- China and the U.S. adopt a bilateral nuclear no-first-use agreement
- China and the U.S. urgently expand, enhance and empower diplomatic and military-to-military dialogues to facilitate strategic stability, nuclear doctrine and transparency
- China and the U.S. fully implement recently established bilateral agreements to avoid military accidents at sea and among aircraft in close proximity
- China and the U.S. reaffirm efforts to preserve stability across the Taiwan Strait and reaffirm and implement reciprocal agreements not to militarize newly constructed islands in the South China Sea
In the News
Trump’s desire to engage with China is a good one, but it is unrealistic to expect China to enter into arms control agreements with the U.S. & Russia at this point, argues Nuclear Crisis Group Director Jon Wolfsthal to the New York Times.
President Donald Trump’s administration released a review of US missile defenses on Thursday that totally reimagined how the US will fight nuclear wars. Global Zero’s Bruce Blair cited as expert.
In a new report released on Tuesday, Global Zero’s Dr. Bruce Blair, a former Air Force launch control officer who’s a nuclear security expert at Princeton University, argues that the United States’ nuclear stance is a “vestige of the Cold War” that creates instability with an unnecessarily hefty price tag.
China is pushing ahead with modernising its nuclear weapon delivery systems and has added to its arsenal as it boosts military expenditure, according to a report released by an independent think tank on Monday.
Southeast Asia and China have agreed on a working text to continue long drawn-out negotiations over a code of conduct in the disputed South China sea, with officials on Thursday lauding it as a “milestone” and “great progress.”
U.S./NATO | Russia
Tensions between NATO member states and Russia have been elevated since the beginning of the conflict of Ukraine in 2014, but Russia’s current drive to modernize and expand its military capabilities dates back to the beginning of President Putin’s first term, nearly two decades ago.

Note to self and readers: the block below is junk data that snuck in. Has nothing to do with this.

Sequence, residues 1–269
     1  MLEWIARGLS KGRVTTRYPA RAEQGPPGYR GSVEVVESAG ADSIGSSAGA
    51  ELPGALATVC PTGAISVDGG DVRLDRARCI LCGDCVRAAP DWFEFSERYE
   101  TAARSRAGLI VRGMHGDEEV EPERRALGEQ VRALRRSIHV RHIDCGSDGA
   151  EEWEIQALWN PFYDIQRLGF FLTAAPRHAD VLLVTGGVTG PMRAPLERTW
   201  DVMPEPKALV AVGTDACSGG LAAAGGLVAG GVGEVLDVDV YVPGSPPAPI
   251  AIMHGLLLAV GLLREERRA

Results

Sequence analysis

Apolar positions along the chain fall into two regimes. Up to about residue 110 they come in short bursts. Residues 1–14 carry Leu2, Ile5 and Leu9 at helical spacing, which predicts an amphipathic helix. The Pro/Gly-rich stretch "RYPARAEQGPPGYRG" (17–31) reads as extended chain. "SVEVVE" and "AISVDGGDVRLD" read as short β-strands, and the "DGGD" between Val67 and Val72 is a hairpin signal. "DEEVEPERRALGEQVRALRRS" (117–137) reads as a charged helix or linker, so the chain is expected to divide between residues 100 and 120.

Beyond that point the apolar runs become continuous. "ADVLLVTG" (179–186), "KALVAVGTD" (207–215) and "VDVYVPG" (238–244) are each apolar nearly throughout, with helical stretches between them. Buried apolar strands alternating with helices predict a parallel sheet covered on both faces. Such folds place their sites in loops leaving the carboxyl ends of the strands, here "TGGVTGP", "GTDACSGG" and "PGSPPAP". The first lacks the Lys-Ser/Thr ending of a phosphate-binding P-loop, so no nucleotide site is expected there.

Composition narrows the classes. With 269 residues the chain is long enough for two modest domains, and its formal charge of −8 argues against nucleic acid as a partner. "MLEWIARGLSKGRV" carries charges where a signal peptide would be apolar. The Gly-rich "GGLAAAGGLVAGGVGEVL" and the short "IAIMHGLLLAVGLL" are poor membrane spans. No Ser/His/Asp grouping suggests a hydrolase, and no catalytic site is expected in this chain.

Allegations that Russia has violated the Intermediate Nuclear Forces (INF) Treaty have further inflamed tensions and prompted similar accusations of US misconduct. Both sides have been hedging against possible future conflict with new technological capabilities, large-scale military exercises, and troop build-ups in border regions.
The future of the New START treaty, a US-Russia treaty which expires in 2021 and can be extended for five additional years, remains uncertain.
- The presidents of Russia and the U.S. agree to extend the New Strategic Arms Reduction Treaty
- Russia and the U.S. initiate immediate and intensive discussions to resolve Intermediate-Range Nuclear Forces (INF) Treaty compliance concerns
- Russia, the U.S. and the other NATO states commit not to issue public threats of nuclear first use
- The U.S. and Russia relaunch strategic stability talks focusing on potential dangers flowing from existing and potential nuclear deployments, doctrines and modernization programs
- Russia and the U.S. pursue a phased de-alerting program of all land-based nuclear-armed missiles
In the News
Global Zero U.S. Chair Richard Burt warns against allowing New START to expire: “then we’re living in a world where there’s no longer any real transparency or predictability in the U.S. – Russia nuclear competition.”
Trump Risks 'Nuclear Blackmail' Unless He Extends New START Deal With Russia, Arms Control Negotiator Says
“Allowing New START to end would be akin to ‘removing the nuclear guardrails,'” U.S. Chair of Global Zero Richard Burt tells Newsweek. “‘Failing to expand this would be a giant step backwards.'”
“15 minutes to nuclear apocalypse:” Russian-language coverage of Global Zero’s virtual-reality simulation of the U.S. nuclear launch process at the Munich Security Conference.
Global Zero’s virtual reality simulation of the U.S. nuclear launch process is featured in Politico’s morning defense briefing.
“A game nobody can win:” German-language coverage of Global Zero’s virtual reality installation at the 2020 Munich Security Conference.